This the second release from the trio of Raoul Björkenheim, Ingebrigt Håker Flaten and Paal Nilssen-Love (the first came out billed to their individual names and was titled Scorch Trio). Luggumt was recorded two years later (January 2004) at the same studio, with the same engineer. Understandably, it sounds pretty close to the first one, although the music is not as scorching this time; there is more room to breathe, and a higher percentage of quiet(ish) passages, including the delicate drums/bass duet "Snaekje Rojnd Naevinj." Björkenheim is in very fine shape, switching from Hendrixian anthemic playing in the title track to Mahavishnu Orchestra-era McLaughlin speed-fusion in "Kjøle Høle," the high-octane number of the set. That 15-minute chunk alone is worth the price of admission, with its sizzling guitar lines and thunderous rhythm section. Flaten and Nilssen-Love seem to grow tighter every year and their performances here exemplify the fact that they have become one of the most exciting free jazz rhythm sections this side of William Parker and Hamid Drake (except that Parker doesn't whip out an electric bass whenever things get hotter than hot). "Synnja Vegga" and "Brennj Fynnj" attempt a balance at energy and introspection with mixed results, but they contain enough strong moments to help forget the few pointless minutes split between the two. The title track, after its slow-burning debut, takes off in a deliberate attempt to top the opening "Kjøle Høle" -- and comes close to succeeding. The strength of this trio resides in the ability of all three musicians to freely experiment and fall back on fusion jazz positions in a seamless way, and they do it better here than on their first album.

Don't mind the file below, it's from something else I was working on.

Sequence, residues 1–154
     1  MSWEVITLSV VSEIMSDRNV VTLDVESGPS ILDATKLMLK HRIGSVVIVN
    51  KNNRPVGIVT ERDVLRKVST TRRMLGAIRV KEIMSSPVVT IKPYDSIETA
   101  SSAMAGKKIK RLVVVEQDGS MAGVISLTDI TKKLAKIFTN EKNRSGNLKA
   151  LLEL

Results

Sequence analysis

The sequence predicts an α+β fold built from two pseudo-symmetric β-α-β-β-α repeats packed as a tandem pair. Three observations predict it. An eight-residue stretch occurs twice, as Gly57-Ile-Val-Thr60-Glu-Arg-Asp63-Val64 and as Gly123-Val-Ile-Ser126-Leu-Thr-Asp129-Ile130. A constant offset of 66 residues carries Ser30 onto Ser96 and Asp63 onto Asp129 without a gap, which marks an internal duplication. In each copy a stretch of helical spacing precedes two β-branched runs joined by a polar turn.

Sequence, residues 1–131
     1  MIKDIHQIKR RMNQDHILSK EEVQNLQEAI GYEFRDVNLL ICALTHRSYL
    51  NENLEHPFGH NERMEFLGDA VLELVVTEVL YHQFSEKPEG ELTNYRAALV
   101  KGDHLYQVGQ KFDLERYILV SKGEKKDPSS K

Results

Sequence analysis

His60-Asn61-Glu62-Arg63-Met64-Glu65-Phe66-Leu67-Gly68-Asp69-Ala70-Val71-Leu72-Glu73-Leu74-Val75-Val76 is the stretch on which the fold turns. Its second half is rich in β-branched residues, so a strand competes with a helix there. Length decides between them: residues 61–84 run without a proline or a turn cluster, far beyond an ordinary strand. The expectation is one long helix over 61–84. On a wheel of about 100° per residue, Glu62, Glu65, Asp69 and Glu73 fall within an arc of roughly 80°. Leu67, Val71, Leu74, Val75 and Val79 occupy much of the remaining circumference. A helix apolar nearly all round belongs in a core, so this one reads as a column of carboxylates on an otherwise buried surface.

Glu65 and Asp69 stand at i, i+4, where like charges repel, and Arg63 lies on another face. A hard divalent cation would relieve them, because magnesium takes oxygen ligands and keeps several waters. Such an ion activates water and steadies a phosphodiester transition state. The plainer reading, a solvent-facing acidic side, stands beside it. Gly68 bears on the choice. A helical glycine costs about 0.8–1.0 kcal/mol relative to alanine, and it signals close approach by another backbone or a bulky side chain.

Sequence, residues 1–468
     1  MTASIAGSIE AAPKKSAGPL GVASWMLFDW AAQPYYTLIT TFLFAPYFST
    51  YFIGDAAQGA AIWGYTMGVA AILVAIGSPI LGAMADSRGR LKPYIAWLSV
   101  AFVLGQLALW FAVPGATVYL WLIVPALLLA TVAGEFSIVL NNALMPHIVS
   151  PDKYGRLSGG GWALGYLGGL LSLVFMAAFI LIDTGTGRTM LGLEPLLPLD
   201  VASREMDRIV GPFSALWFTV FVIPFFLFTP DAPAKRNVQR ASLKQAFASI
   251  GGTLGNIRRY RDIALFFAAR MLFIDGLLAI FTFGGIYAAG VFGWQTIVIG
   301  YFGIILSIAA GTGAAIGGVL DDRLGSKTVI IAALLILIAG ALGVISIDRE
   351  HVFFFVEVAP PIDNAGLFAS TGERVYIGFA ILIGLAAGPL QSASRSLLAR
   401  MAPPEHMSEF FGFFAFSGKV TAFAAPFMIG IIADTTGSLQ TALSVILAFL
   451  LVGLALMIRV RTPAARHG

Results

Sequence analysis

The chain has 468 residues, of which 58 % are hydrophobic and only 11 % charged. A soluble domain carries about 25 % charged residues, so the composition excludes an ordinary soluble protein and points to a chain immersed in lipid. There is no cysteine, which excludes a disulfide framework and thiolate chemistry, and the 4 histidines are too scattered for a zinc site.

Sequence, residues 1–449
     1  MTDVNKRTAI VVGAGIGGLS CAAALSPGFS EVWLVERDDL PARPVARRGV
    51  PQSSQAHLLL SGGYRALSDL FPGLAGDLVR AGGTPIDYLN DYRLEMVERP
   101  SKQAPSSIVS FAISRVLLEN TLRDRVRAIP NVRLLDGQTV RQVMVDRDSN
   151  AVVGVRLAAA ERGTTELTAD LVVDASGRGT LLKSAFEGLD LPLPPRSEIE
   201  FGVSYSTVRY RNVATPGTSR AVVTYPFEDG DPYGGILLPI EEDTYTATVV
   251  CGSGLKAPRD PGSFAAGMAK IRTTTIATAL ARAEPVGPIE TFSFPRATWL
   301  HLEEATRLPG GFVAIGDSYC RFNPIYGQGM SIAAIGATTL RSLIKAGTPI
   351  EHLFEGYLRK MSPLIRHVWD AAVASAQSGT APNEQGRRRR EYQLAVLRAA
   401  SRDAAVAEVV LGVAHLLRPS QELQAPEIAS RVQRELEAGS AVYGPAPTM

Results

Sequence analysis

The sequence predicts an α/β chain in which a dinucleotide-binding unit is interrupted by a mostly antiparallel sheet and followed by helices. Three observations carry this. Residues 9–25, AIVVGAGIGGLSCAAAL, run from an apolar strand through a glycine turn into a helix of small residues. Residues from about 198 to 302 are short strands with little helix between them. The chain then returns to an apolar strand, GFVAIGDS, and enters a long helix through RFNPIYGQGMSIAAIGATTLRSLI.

AllMusic Review by François Couture